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ADHD in Children

By Meltem Safarli

ADHD is the most commonly diagnosed mental disorder in children. Boys are more likely to have it than girls. It’s usually spotted during elementary school time when a child begins to have problems paying attention. 

What is ADHD?
ADHD, Attention-Deficit-Hyperactivity Disorder, is one of the most common neurodevelopmental disorders of childhood. It is usually first diagnosed in childhood and often lasts into adulthood. Children with ADHD may have trouble paying attention, controlling impulsive behaviors, and also be overly inactive. A person with ADHD has differences in brain development and brain activity that affect attention, the ability to sit still, and self-control. ADHD can affect a child at school, at home, and in friendships.

What causes ADHD?

  • Brain injury.

  • Exposure to environmental risks (e.g., lead) during pregnancy or at a young age.

  • Alcohol and tobacco use during pregnancy.

  • Premature delivery.

  • Low birth weight

Symptoms of ADHD in kids

  • trouble focusing on activities and becoming easily distracted

  • Low attention span while playing or doing schoolwork

  • Excessive talking and daydreaming

  • constantly needing movement or frequently running around

  • engaging in activities loudly or disruptively

  • Disorganization

Subtypes of ADHD

There are three subtypes of ADHD:

  • Predominantly inattentive. The majority of symptoms fall under inattention.

  • Predominantly hyperactive/impulsive. The majority of symptoms are hyperactive and impulsive.

  • Combined. This is a mix of inattentive symptoms and hyperactive/impulsive symptoms.

Hyperactivity and impulsivity

A child who shows a pattern of hyperactive and impulsive symptoms may often:

  • Fidget with or tap their hands or feet, or squirm in the seat

  • Have difficulty staying seated in the classroom or while facing other situations

  • Be on the go, in constant motion

Inattention

A child who shows a pattern of inattention may often:

  • Avoid or dislike tasks that require focused mental effort, such as homework

  • Lose items needed for tasks or activities, for example, toys, school assignments, pencils

  • Be easily distracted

Hyperactivity and impulsivity

A child who shows a pattern of hyperactive and impulsive symptoms may often:

  • Have trouble playing or doing an activity quietly

  • Talk too much

  • Blurt out answers, interrupting the questioner

Diagnosis and Treatment of ADHD in kids

In general, a child shouldn't receive a diagnosis of attention-deficit/hyperactivity disorder unless the core symptoms of ADHD start early in life — before age 12 — and create significant problems at home and school on an ongoing basis.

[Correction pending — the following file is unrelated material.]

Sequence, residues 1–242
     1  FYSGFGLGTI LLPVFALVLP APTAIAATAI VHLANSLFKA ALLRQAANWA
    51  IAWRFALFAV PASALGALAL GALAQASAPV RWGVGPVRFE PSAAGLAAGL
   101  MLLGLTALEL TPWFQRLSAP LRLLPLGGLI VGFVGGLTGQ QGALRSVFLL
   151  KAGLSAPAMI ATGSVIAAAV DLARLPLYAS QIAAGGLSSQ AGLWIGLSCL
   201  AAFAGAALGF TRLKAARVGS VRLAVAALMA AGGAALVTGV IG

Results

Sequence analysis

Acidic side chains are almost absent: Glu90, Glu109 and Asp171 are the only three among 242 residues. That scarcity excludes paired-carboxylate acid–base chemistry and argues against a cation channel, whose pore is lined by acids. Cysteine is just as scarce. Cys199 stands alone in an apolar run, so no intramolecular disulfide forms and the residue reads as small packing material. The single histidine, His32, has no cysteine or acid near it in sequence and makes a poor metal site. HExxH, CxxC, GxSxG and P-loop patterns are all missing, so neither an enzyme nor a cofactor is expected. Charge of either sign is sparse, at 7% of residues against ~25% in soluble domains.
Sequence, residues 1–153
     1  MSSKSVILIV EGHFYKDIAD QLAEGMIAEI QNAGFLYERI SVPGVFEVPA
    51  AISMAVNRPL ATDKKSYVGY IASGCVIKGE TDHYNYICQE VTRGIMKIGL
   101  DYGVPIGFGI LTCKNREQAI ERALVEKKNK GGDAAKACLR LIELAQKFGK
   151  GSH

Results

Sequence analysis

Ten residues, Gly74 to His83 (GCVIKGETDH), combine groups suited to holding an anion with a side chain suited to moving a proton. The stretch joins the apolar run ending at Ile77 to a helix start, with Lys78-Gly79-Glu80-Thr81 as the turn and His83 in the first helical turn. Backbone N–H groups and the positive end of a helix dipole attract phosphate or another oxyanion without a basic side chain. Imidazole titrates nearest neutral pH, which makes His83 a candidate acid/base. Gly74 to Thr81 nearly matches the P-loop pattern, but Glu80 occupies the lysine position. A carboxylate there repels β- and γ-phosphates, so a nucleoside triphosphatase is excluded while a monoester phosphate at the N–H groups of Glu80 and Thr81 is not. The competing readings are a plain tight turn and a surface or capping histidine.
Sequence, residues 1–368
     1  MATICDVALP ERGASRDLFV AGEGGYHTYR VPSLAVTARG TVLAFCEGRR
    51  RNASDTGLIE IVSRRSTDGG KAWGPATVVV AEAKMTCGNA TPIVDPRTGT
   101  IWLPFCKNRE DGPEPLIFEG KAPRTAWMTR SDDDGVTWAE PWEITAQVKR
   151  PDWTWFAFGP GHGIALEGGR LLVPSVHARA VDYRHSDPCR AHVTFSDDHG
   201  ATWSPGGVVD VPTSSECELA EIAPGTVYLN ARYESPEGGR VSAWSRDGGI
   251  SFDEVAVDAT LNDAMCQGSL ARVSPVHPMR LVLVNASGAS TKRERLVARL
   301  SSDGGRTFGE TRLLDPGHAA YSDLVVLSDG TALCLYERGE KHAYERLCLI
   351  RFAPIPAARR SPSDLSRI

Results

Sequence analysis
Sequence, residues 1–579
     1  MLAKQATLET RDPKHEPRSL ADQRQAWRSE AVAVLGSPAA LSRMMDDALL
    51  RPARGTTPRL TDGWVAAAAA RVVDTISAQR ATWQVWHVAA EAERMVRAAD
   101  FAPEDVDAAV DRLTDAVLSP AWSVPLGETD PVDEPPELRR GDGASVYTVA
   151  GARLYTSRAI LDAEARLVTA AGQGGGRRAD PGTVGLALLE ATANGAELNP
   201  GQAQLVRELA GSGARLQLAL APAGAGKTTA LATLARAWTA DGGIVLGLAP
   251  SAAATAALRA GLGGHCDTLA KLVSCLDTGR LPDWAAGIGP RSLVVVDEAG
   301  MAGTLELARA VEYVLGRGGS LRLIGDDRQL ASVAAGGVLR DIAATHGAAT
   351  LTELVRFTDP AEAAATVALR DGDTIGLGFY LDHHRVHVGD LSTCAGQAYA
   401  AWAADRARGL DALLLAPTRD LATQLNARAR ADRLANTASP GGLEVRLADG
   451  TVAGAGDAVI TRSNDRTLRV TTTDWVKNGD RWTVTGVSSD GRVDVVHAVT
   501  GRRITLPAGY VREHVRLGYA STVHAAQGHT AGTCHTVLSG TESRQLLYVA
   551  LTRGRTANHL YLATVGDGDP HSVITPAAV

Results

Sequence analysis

Although signs of ADHD can sometimes appear in preschoolers or even younger children, diagnosing the disorder in very young children is difficult. That's mainly because developmental problems such as language delays can be mistaken for ADHD. 

 

So children preschool age or younger suspected of having ADHD are more likely to need evaluation by a specialist, such as a psychologist or a psychiatrist, speech pathologist, or developmental pediatrician.

Other conditions that resemble ADHD

Several medical conditions or their treatments may cause signs and symptoms similar to those of ADHD. Examples include:

  • Learning or language problems

  • Mood disorders such as depression or anxiety

  • Seizure disorders

  • Vision or hearing problems

  • Autism spectrum disorder

Treatment

Standard treatments for ADHD in children include medications, behavior therapy, counseling, and education services. These treatments can relieve many of the symptoms of ADHD, but they don't cure it. It may take some time to determine what works best for your child.

 

Currently, stimulant drugs (psychostimulants) are the most commonly prescribed medications for ADHD. Stimulants appear to boost and balance levels of brain chemicals called neurotransmitters.

 

Exercising is one of the easiest and most effective ways to reduce the symptoms of ADHD. Physical activity immediately boosts the brain's dopamine, norepinephrine, and serotonin levels—all of which affect focus and attention. In this way, exercise and medications for ADHD such as Ritalin and Adderall work similarly.

Krsh’s role in helping

Krsh is a welfare foundation with the sole purpose to provide holistic wellness. By supporting mental wellness, we can help you learn more about mental health. At Krsh we help you with wellness counseling in regards to feeling more calm and peaceful in mind. Krsh transforms your life by infusing spirituality with mental illness. Krsh brings in wellness counseling that supports you in many aspects. They range from mind-body practices, self-care and cognitive growth, meditation, and mindfulness.